JPMorgan Profit, Revenue Beat Expectations
JPMorgan, which holds the most assets of any bank in the country, said Friday that it issued more mortgage loans in the first three months of the year and turned a bigger profit than Wall Street expected.
The bank said it earned $5.4 billion for the first quarter, or $1.31 per share. Analysts were expecting $1.16 per share. Revenue and profit declined at most of JPMorgan's businesses, including investment banking.
JPMorgan's earnings fell 3 percent from the same quarter one year earlier, while its revenue grew 6 percent from last year to $24.4 billion.
As the largest bank, JPMorgan is a barometer of the economy and the financial industry. It is also the first major bank to report its results for the first quarter.
One bright spot was that customers continued to pay credit card bills and mortgage loans on time, which allowed the bank to pick up $1.8 billion from the reserves it had set aside to cover loan losses.
JPMorgan Chase also gained $1.1 billion from a settlement related to Washington Mutual, the failed bank it bought during the depths of the 2008 financial crisis.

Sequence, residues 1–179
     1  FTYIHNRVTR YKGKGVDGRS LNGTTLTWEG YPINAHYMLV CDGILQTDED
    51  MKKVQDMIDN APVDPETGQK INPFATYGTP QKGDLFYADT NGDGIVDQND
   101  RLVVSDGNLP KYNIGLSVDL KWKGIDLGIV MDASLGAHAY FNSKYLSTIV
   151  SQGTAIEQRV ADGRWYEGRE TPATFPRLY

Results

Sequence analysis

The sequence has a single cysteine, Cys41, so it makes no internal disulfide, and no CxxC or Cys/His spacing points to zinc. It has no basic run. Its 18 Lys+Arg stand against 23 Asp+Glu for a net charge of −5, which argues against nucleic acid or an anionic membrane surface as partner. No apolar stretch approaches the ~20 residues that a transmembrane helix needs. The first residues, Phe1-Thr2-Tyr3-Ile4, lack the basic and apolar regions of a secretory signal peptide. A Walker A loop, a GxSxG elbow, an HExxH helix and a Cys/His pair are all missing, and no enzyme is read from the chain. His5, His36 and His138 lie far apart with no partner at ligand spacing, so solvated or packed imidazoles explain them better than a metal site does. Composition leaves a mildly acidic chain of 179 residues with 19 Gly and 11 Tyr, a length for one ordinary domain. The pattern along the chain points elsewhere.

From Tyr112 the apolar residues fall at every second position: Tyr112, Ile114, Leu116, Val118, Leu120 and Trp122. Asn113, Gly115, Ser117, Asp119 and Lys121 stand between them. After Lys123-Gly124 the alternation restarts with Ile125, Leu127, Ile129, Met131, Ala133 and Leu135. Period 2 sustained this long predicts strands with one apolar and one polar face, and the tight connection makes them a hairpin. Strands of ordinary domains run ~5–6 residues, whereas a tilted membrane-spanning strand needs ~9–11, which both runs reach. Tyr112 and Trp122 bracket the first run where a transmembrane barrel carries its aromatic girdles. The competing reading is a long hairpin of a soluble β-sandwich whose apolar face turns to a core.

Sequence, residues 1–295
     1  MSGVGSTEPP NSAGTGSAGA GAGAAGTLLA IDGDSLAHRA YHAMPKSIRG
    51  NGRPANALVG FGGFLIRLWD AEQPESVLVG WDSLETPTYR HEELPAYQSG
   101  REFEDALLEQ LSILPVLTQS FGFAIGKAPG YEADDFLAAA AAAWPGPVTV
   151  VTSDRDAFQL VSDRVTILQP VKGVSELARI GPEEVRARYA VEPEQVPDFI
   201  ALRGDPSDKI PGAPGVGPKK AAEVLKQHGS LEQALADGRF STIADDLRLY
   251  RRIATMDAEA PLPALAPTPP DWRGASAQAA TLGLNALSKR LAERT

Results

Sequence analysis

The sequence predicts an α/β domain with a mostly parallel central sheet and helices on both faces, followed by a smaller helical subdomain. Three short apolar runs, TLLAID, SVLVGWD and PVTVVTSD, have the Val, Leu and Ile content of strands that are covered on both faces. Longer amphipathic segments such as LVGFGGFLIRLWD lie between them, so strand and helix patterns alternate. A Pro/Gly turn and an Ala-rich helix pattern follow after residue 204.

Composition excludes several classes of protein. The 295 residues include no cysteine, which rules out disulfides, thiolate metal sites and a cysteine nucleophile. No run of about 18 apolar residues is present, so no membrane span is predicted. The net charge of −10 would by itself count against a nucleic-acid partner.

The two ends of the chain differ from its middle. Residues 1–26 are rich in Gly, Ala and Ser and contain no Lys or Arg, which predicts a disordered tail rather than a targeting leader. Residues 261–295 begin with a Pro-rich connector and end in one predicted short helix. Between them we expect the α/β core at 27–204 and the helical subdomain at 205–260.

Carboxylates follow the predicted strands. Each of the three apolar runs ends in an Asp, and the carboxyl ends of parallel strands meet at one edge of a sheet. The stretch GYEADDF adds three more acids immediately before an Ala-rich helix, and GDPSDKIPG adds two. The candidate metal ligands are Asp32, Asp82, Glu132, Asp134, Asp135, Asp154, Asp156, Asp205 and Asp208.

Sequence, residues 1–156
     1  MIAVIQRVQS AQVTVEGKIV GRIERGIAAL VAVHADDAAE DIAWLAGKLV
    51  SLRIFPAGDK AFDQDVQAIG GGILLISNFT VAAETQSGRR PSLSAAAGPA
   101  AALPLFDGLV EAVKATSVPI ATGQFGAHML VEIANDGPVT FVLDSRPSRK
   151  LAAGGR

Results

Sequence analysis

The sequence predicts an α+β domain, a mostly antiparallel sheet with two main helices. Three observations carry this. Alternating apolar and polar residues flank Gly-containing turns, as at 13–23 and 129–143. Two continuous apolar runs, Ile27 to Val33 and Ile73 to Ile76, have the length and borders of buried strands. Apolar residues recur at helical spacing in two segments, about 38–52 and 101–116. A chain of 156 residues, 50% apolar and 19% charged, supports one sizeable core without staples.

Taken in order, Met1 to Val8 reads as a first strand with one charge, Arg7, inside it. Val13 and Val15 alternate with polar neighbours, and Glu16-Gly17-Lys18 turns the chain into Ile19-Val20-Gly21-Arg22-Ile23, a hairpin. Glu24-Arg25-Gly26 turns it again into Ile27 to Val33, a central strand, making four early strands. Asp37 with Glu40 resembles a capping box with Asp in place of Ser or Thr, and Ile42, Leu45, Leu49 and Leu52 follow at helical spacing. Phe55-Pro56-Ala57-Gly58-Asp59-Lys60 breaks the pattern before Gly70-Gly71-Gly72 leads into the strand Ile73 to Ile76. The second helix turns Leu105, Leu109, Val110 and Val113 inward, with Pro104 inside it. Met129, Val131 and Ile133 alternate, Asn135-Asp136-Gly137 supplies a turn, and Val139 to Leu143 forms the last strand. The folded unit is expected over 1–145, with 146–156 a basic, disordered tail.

"Looks pretty good. The revenue is what really impressed me. It tells me there's more economic activity, maybe, than what we were previously thinking — more demand for credit, more demand for banking services, more business out there," Joe Terril, Founder of Terril & Co, a Money Manager in St. Louis, Missouri told Reuters.
With interest rates hitting historic lows in the first quarter, JPMorgan Chase said its mortgage business earned $461 million, reversing a loss in the same period last year.
It issued 6 percent more in mortgages. Applications for mortgages grew 33 percent as more customers refinanced their loans.
But mortgage-related litigation, an overhang from the bursting of the real estate bubble last decade, continues to be a huge issue: The bank set aside $2.5 billion to fight its legal battles.
The bank's chief financial officer, Douglas Braunstein, said the bank has enough reserves for mortgage-related litigation.
"We think we are unlikely to add significantly to these reserves from where we are today," Braunstein said in a conference call with the media to discuss earnings.
Though the bank ranked first in investment banking fees globally in the first quarter, both revenue and income fell, reflecting turbulence in the markets because of fears that Greece might default on its debt.
The stock market rallied in the first quarter, its best since 1998, but trading volume was low as many investors, particularly individuals, decided to stay away.
JPMorgan's revenue at its investment bank was $7.3 billion, compared with $8.2 billion last year. Fees fell 23 percent to $1.4 billion.